Companies that win 600 MHz spectrum will have restrictions placed on them related to selling the licenses for six years after the auction.
"I am confident that the wireless industry, including providers of all sizes, will rally around the rules," FCC Chairman Tom Wheeler said at a press conference after the vote.
He said the FCC will now work on outreach to broadcasters and "make clear to the broadcast industry that they really have a once-in-a-lifetime opportunity."
The rules ensure that there is a "viable spectrum reserve for competitors in every market nationwide" and "will make sure that consumers are more likely to benefit directly from increased competition in all parts of the country," Wheeler added.
Verizon and AT&T have repeatedly argued against reserving spectrum for smaller carriers. They say such rules improperly favor Sprint, T-Mobile and smaller carriers, and could cause the auction to fail if it doesn't generate enough revenues. They also argue broadcasters will shy away from giving up their spectrum because of the restrictions. For their part, smaller carriers and their advocates argue the FCC has the legal authority to set such rules and that such rules are necessary so that larger carriers don't block smaller carriers from acquiring spectrum. Indeed, the CCA pointed out that Alltel participated in the 700 MHz auction in 2008 but was unable to win any licenses, and was subsequently acquired by Verizon Wireless.
"Creating a spectrum reserve will allow every carrier, large and small, the opportunity to bid in the auction, which is critically important given the superior propagation characteristics of low-band spectrum," CCA President Steve Berry said in a statement.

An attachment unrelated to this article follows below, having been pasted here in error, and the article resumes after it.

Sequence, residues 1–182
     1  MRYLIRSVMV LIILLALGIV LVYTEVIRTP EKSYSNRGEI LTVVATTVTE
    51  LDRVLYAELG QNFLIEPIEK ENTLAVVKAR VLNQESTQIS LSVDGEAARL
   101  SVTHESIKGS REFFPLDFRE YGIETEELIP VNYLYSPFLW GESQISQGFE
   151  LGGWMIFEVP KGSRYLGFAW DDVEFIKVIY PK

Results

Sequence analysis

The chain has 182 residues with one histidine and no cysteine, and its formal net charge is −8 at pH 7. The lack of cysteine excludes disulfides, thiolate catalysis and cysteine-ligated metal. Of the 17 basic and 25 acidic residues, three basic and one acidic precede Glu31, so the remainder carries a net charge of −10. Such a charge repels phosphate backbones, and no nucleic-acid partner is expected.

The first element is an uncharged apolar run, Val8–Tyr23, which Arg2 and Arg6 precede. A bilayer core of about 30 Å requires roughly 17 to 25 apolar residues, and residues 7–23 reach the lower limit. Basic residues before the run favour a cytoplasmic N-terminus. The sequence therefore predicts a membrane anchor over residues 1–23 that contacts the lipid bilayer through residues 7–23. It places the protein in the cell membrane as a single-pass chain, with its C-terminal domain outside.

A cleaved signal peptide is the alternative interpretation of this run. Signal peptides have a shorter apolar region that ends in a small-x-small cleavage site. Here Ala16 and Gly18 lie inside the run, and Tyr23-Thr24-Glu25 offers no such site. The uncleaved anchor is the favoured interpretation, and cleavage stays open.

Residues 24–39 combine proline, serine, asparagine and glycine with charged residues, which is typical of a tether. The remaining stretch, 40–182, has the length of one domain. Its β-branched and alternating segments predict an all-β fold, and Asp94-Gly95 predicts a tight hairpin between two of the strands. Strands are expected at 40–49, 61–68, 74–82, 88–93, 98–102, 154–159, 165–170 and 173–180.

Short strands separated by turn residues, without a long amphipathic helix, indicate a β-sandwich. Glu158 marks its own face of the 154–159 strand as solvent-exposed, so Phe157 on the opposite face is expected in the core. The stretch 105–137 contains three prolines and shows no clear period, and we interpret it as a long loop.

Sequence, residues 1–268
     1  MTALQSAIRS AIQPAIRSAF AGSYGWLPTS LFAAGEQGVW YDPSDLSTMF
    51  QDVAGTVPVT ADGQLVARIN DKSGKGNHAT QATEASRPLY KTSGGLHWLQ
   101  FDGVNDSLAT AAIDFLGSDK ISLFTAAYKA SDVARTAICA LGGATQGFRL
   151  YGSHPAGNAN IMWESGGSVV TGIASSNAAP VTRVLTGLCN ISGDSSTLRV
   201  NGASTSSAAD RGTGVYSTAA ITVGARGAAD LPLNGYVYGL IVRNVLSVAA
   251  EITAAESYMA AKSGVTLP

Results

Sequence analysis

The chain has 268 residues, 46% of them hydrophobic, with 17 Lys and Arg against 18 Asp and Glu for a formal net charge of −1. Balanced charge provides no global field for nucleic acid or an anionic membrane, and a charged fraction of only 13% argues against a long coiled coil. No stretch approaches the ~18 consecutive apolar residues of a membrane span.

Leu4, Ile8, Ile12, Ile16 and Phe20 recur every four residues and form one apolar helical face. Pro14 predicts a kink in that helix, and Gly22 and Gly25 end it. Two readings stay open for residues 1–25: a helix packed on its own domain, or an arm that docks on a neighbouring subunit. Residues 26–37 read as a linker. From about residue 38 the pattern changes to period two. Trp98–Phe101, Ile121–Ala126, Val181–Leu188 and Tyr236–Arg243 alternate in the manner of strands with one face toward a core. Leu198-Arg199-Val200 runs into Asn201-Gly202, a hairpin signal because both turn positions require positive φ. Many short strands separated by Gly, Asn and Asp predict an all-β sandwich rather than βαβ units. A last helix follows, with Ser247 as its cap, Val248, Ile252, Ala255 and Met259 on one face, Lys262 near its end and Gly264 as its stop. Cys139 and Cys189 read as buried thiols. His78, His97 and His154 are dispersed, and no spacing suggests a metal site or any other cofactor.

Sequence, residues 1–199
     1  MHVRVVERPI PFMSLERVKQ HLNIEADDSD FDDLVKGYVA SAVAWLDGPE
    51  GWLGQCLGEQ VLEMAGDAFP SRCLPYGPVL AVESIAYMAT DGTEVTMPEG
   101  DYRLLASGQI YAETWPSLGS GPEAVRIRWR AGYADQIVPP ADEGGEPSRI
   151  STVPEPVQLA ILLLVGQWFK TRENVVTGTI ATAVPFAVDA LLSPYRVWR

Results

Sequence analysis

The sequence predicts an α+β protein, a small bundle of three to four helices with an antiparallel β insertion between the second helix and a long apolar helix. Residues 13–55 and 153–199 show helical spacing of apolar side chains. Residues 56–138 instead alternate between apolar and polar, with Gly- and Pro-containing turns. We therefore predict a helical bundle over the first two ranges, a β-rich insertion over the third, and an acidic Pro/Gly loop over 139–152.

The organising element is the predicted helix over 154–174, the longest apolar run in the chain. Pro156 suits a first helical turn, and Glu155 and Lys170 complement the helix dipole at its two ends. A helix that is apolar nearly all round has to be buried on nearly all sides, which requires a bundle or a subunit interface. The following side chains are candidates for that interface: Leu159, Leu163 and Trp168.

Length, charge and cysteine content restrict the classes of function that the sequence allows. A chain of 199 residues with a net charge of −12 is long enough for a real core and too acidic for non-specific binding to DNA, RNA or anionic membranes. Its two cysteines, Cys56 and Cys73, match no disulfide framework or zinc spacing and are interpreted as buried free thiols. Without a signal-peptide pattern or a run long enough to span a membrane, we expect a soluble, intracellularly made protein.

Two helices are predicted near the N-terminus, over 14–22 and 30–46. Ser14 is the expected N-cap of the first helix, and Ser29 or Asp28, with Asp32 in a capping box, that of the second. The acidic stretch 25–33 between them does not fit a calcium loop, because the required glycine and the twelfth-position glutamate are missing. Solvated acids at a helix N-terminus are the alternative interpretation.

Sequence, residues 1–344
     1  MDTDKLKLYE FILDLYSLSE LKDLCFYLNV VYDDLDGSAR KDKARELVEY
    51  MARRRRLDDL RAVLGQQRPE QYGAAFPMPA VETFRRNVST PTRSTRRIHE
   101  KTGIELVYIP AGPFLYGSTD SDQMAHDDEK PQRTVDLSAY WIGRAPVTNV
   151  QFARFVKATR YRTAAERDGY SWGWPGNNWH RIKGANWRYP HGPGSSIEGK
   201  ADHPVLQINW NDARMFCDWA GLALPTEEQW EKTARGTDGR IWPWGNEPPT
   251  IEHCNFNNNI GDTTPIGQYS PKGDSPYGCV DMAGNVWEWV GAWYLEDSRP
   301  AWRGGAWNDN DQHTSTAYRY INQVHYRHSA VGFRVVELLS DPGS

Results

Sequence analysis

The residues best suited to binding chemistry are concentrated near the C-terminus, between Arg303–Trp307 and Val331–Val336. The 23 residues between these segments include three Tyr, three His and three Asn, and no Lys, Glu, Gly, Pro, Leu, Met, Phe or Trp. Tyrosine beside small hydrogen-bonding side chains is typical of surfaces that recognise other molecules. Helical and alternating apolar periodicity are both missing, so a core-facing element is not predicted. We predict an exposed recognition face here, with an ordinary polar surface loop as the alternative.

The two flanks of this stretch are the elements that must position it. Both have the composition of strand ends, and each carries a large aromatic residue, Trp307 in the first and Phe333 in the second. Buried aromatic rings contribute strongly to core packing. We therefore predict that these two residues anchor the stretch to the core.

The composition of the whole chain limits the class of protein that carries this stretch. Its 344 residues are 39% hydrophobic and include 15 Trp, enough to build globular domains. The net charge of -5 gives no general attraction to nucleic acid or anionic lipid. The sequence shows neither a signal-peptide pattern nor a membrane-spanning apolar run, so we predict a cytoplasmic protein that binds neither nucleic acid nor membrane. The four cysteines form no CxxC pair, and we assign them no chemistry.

Republicans, however, sharply criticized the rules. Republican Commissioner Michael O'Rielly said the auction rules essentially create "corporate welfare for certain multinational companies with large market capitalizations and access to global capital markets."
Republican Commissioner Ajit Pai said rules could allow "one of any number of companies to acquire every single 600 MHz license in every market, even though the order claims that the restrictions are needed to prevent any one firm from running the table." He also said the rules ignore the importance of high-band spectrum--perhaps a reference to Sprint, which owns a vast trove of 2.5 GHz spectrum.
"This means that a company that holds 44 MHz of low-band spectrum and large swaths of high-band holdings in the same market can acquire as much additional low-band spectrum as it wants," he said. "But a competitor that has just 45 MHz of low-band spectrum and no high-band holdings in that market would be restricted from bidding for certain blocks of spectrum. Would anyone seriously maintain that the latter company's spectrum position poses a greater competitive threat than the former's?"
As for the FCC's spectrum screen, the agency's new rules represent a defeat for Sprint, since the FCC is going to add the vast majority of Sprint's 2.5 GHz spectrum without weighting high-band spectrum differently from low-band spectrum. That could make it more difficult for Sprint to strike spectrum deals after the auction.
Importantly though, Wheeler said that such rules are "based on the current structure and they could change" if the market changes. That could mean the rules could change if Sprint decides to merge with T-Mobile.
CCA's Berry expects strong participation from smaller carriers in 600 MHz auction
T-Mobile: FCC auction rules that limit AT&T, Verizon will be a boon for competition
AT&T: There's 'no basis' to give Sprint, T-Mobile a leg up in incentive auction
Verizon takes aim at Sprint, T-Mobile in pushing back on FCC auction restrictions
With 2.5 GHz, Sprint won't have much wiggle room in FCC's new spectrum screen
FCC to add Sprint, Dish spectrum to spectrum screen
Article updated May 15 with clarifications from the FCC and additional information.